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Doing nothing is not nothing: Learn the skills to stand up and speak out

Breaking a groupthink mentality requires two key skills – and support from leadership


Training in communication can help individuals to express themselves more clearly and concisely, being sure that the content they convey matches the intention they have.

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When groups of people make bad decisions, there is often at least one person who could speak up and change the direction of what is happening.

This was true in the recent death of George Floyd, but it is also true in many other instances when people as a group go along with an action or decision that they would not agree to as individuals. This behavior has been called groupthink, and it can have devastating consequences.

How can you change a pattern of behavior where people stand by silently, even when they know that what they are witnessing is wrong? Organizational culture may support this silence, and cultural change is hard. It must come from leadership at all levels of the organization and it takes time.

For cultural shifts to be truly effective, people must put them into practice all the time, from the top leaders to the newest recruit. This kind of change requires skills that EMS providers and firefighters may not have at their disposal when they most need them.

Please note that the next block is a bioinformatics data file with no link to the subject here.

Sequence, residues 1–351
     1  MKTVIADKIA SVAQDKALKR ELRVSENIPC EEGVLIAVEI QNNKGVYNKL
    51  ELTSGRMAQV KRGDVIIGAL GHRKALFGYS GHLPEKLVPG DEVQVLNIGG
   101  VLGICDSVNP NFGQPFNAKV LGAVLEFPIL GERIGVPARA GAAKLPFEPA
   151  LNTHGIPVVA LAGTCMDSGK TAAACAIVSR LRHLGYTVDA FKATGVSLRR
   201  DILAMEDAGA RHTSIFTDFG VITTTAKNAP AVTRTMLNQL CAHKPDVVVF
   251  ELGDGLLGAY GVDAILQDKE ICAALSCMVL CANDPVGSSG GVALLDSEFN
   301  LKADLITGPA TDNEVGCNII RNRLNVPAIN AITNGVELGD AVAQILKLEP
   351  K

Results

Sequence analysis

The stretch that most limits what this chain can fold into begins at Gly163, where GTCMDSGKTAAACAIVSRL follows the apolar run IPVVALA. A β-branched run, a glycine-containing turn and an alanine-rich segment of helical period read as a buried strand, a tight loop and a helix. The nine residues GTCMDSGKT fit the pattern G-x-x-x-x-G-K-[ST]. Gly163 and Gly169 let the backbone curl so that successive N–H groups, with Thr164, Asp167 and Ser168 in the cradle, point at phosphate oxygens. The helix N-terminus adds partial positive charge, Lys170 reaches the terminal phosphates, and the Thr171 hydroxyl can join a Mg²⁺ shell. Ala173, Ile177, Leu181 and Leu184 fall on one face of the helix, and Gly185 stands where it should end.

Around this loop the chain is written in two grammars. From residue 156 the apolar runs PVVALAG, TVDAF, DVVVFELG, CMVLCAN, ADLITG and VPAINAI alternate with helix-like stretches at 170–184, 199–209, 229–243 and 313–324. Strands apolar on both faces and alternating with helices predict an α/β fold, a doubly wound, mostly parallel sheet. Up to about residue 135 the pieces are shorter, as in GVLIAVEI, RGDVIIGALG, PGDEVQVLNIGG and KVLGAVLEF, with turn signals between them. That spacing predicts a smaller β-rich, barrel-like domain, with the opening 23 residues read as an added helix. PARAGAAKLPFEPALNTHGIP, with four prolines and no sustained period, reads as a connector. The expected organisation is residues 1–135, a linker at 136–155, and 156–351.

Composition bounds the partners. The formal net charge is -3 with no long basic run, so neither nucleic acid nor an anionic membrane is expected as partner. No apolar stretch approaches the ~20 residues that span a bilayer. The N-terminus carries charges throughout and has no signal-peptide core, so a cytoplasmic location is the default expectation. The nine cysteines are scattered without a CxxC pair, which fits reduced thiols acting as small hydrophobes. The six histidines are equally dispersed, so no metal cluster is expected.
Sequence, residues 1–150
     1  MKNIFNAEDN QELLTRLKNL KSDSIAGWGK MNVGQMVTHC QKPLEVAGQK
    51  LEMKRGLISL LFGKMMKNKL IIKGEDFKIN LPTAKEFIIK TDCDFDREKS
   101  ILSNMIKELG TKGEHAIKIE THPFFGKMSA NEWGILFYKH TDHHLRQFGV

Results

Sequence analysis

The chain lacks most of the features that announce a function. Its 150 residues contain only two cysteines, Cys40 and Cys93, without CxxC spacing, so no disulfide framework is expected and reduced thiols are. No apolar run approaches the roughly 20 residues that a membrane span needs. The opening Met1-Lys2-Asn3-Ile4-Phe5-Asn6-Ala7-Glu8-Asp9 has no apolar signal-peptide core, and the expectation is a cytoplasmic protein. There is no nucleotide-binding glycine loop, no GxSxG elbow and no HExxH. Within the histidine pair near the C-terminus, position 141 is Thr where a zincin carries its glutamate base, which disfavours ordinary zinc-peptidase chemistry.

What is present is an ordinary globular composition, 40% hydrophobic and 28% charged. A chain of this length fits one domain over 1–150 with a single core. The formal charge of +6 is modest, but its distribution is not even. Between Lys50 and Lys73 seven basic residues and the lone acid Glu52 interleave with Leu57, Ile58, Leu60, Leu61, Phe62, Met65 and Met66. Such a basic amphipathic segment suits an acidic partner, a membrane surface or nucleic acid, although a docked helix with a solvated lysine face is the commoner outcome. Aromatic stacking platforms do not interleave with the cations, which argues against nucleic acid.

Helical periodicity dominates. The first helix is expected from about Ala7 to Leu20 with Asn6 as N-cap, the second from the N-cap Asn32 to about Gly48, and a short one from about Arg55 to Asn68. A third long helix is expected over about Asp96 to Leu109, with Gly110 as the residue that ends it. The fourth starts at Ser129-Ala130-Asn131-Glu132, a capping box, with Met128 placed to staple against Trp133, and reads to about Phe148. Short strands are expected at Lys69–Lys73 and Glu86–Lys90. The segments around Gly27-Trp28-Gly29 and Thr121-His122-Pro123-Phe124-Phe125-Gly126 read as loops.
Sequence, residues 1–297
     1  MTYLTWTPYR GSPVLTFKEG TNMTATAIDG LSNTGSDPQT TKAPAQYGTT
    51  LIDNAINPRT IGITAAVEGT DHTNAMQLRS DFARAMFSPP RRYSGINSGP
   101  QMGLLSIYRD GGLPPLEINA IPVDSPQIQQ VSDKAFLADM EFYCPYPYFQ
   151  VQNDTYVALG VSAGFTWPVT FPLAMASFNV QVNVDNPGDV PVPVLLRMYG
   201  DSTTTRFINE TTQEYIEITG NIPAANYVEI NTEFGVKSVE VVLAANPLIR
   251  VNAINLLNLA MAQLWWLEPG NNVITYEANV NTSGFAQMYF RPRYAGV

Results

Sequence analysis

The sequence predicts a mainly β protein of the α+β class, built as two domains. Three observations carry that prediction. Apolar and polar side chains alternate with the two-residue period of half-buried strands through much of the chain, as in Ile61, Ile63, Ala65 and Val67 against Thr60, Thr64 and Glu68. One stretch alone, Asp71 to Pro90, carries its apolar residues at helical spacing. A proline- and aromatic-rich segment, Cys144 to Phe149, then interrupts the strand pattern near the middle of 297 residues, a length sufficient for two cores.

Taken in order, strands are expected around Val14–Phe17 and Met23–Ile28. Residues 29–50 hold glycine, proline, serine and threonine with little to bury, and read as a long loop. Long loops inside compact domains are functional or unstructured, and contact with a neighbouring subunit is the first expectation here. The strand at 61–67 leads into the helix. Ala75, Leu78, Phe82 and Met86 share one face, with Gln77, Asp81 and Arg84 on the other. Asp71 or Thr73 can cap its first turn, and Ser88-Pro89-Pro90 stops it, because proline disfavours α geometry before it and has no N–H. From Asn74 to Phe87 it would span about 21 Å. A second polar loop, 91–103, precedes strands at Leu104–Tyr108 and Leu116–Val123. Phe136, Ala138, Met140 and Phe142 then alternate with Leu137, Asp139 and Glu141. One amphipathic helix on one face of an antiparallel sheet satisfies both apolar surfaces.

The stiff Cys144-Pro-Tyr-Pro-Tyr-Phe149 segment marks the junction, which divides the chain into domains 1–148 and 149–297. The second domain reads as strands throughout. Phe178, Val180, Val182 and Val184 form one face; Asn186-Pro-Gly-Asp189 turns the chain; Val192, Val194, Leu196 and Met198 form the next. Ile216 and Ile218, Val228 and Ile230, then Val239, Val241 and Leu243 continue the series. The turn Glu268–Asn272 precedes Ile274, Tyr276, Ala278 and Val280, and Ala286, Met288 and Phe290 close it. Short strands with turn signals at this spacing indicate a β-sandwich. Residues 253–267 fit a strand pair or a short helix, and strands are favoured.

What kinds of skills do people need to effectively stand up against the group when standing up is what is required? There are two main areas that need to be addressed:

  1. Communication
  2. Conflict management

Communication: Does the content match the intention?

If you tell EMS providers and firefighters that they need to attend training in communication, many of them will roll their eyes. As one firefighter complained to me at a training, “Why do we have to do training on communications? We should be training on things that can kill us out there.” Of course, in the real world, failures in communication kill firefighters as often as any other cause.

The truth is that most people are not naturally good at communicating, and technological changes in how people communicate with one another have only made this situation worse. Employers across all fields complain that younger people lack skills in face-to-face communication – not surprising when you grow up mostly communicating electronically. But it would be wrong to assume that communication issues are only a problem for the young. All ages and ranks need work in this area.

Most people are not naturally good listeners. For many, the definition of listening is “staying silent while waiting to speak.” But real listening involves not only understanding the content of the message, but also the context and intention. Many people hear and respond only to content, which can cause the real message to be missed.

Digital communication only feeds into this problem, as “conversations” online consist of one person making a statement and then others making statements in response. There is no context, no body language, tone of voice or facial expression. Many researchers feel that these nonverbal cues convey more of the intended message than the words spoken.